After the Soviet collapse and during the chaotic 1990s, President Boris Yeltsin had far too many other serious problems to worry about than tooting Russia's horn about being exceptional. But when Putin came to power in 2000, he went out of his way to revive the notion of Russian exceptionalism.
Putin's brand of Russian exceptionalism has been defined by its
anti-Americanism. Putin is determined to turn Russia into the only leading world power that can stand up firmly to the U.S., including using its veto power to defeat U.S. initiatives in the United Nations Security Council. Under Putin, it has become Russia's single-handed mission to put Washington in its place by condemning its blatant double standards, violations of human rights and interventionist foreign policy. Putin's stinging "Munich speech" in 2007 that denounced U.S. unilateralism and interventionism became a showcase example of his — and Russia's — exceptional role in facing down the U.S.
Another vivid example of Russian exceptionalism was Putin's speech at Luzhniki stadium on Feb. 23, 2012, on Defenders of the Fatherland Day. "We will not allow someone to impose their will on us because we have our own will!" Putin roared to a cheering crowd of more than 50,000 supporters. "We are a victorious people! It is in our genes and in our genetic code!"
Those remarks make American exceptionalism look tame in comparison.
What's more, Putin has revived the tsarist version of Russian exceptionalism by actively promoting the Russian Orthodox Church, Russia's unique spirituality and "osoby put" by stressing that Russia does not adhere to Western cultural values. The overly harsh sentence of two years in a labor prison handed down to three Pussy Riot rockers for their "blasphemous" 40-second performance in Moscow's main cathedral last year and the anti-gay propaganda law that Putin signed in June are just two recent examples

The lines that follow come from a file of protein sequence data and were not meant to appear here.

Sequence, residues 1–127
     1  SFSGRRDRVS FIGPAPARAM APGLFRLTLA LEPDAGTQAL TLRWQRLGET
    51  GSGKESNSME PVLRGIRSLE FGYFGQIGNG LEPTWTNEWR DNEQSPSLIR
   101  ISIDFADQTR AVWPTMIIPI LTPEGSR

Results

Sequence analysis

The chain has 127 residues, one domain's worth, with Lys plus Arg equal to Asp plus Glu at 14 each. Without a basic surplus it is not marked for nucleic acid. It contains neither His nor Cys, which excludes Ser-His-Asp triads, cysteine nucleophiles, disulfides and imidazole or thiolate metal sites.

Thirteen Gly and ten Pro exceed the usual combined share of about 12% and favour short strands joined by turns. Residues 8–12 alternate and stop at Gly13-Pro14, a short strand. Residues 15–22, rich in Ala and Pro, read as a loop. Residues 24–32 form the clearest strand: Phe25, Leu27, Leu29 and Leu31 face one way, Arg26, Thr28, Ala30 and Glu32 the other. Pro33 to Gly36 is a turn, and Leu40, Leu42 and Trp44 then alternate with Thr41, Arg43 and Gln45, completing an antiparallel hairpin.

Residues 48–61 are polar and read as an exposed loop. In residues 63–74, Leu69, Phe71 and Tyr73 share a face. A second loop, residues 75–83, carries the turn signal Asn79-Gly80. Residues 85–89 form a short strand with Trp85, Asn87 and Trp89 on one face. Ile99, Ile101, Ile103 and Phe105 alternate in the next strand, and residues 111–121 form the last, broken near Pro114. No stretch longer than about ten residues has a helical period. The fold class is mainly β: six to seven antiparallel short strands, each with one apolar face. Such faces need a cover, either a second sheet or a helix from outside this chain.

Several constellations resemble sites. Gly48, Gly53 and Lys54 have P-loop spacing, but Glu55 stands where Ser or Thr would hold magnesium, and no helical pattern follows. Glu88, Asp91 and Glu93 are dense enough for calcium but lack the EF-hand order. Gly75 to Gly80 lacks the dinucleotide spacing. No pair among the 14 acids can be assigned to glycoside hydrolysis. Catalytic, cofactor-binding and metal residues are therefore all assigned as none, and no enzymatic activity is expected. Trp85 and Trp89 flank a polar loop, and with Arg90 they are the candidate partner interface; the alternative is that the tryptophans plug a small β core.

In addition, the Syrian conflict shows that Russia is "exceptional" in another way: It is the only major global power that backs Syrian President Bashar Assad and propagandizes his groundless claim that rebel forces committed the chemical weapons attack on Aug. 21.
Notably, the key difference between Russian and American exceptionalism is that the U.S. version is defined by protecting individual rights and instituting constitutional checks and balances that limit the power of the government, while Russian exceptionalism has always focused on the direct opposite — strengthening the power of the state at the expense of individual freedom. According to Putin's model, the strong state is the guarantor of Russian exceptionalism, with the Russian Orthodox Church serving as
its spiritual and moral guardian.
Putin's heavy reliance on these "hard power" tactics of ruling the country means that his attempts to also apply "soft power" — including using the U.S. public relations firm Ketchum to place his op-ed piece in The New York Times — have done little to improve Russia's image abroad.
Perhaps, then, the best two pieces of advice Ketchum can give Putin are: One, since autocrats aren't very good at being soft, stick with what you do best — hard power. Two, given how strongly Russia displays its own exceptionalism, it's probably best to leave American exceptionalism alone.
Michael Bohm is opinion page editor of The Moscow Times.